Who's ready to book a day trip to Inis Mór?

Pin it for later:

Things to do on the island of Inis Mór in Ireland

"It's a dangerous business, going out your door. You step onto the road, and, if you don't keep your feet, there's no telling where you might get swept off to." - JRR Tolkien

Join the ADB Community!
Sign up here to get exclusive travel tips, deals, and other inspiring goodies delivered to your inbox.

18 Comments on “A Magical Inis Mor Day Trip: 8 Awesome Things to Do on Inismore in Ireland

Leave a Reply

Your email address will not be published. Required fields are marked *


This site uses Akismet to reduce spam. Learn how your comment data is processed.

  1. What a fantastic place its just like a magical world.

    What a fantastic place its just like a magical world.

    Three friends & I did this trip 10 years ago & loved it. We booked our tickets on the ferry in Galway & although the weather wasn’t kind to us we had a fantastic time. We took the bus tour around Inishmore & still had plenty of time to walk around the little village. I was particularly interested as my paternal grandmother was born on the island in 1894, so I also visited the parish priest in search of baptism records. It’s still very primitive but also very charming!

      Wow, what an interesting connection you have to the island! Even when the weather is bad, it’s still such a fascinating place to visit.

    Visiting Ireland this May. Help! Traveling with a 68 y/o, a 76 y/o and I am 72. We will visit Inis Mor for certain! Can you help me plan a day trip from Galway please? We are not hikers but want to explore some. Want to end up at that famous Pub there. I am planning this leg. Help?

      Hi Patricia! I don’t offer any travel planning services, I’m afraid – I only offer the free advice you can find on this website. If you want to do the trip independently, I would recommend booking your ferry tickets in advance, and then going on one of the mini-bus tours of the island once you get there; I mentioned in this post that you can join one of these tours when you arrive on the island, so the only thing you really need to book in advance are the ferry tickets!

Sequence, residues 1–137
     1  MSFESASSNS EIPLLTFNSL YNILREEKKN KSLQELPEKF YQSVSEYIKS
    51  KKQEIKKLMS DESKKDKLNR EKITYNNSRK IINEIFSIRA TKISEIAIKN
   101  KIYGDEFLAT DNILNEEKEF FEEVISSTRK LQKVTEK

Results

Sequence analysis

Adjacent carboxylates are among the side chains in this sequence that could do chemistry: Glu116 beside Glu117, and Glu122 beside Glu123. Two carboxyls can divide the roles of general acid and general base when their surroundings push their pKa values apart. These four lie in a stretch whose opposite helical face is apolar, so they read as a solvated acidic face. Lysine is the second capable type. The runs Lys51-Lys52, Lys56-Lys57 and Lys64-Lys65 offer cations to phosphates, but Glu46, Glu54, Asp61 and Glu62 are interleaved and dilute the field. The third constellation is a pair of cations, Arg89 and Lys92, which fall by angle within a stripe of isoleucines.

My paternal grandmother was born on Inishmore and I visited there in 2010. I found it totally charming and very primitive and felt like I was in another world! I only went over for a day visit and the weather wasn’t good but I wish I had’ve had more time to do a bit of family research!

      It’s definitely one of those places that’s sort of been frozen in time!

    ‘Love your piece!

    I’ve been to Inis Mór and actually spent a night there!

    The locals were lovely as we couldn’t find our B & B and ended up taking the long country road walk instead of through-the-gate-and-across-the-field, but we found it in the end after knocking on the door of a random local!

    We hired a horse and carriage, and as our son was about 5 years old then and needed a nap, they waited until he woke up, and didn’t charge us extra for it!

    The best part – being awoke by a cow who pointed her head through the window!

    p.s. Our son also forgot his teddy bear on the ferry to the Aran Islands and was distraught without it. The staff remembered him, found it, and kept it for us in Galway!

      Irish hospitality is the best, and the Irish are some of the friendliest people anywhere! Glad to hear you had such a good experience on Inis Mor.

    Great, Amanda! This sounds like a magical place – I love knowing that there are some places that still preserve traditional cultures and languages. More people need to explore Ireland – its an incredible country, with great surf spots too.

      I don’t know much about surfing in Ireland, but it definitely is a great country to travel in! I plan to be back again next year.

    I adore the Gaelic culture. It keeps pulling me back to Scotland, because I haven’t really experienced it much in Ireland but I see that Inis Mor would be much more to my taste than the places I visited in Ireland before

      I totally understand! I think I’ve spent more time in Scotland than Ireland, too, but Ireland is uniquely awesome in its own way!

    You’re right, I knew nothing about Inis More! I don’t think I even knew it existed lol. It sounds like an awesome place to visit, and I would love to hear people speaking Irish Gaelic! I’ve never heard that language aloud. Also those cliffs are just as impressive as the Cliffs of Moher, I wouldn’t even be bothered skipping the latter in favor of the former

      The cliffs on Inis Mor have far fewer tourists, too. 😉

    What a gorgeous, gorgeous place! It just looks like magic, with all the green hills and the old stone. I’ve always wanted to visit Ireland, and now I know I need to add this spot to my list!

      It’s such a cool part of Ireland – I love that everyone still speaks Irish; even though it’s become a bit touristy, it still feels like a pretty authentic Irish place!

As Seen On

As Seen OnAs Seen OnAs Seen OnAs Seen OnAs Seen OnAs Seen OnAs Seen OnAs Seen On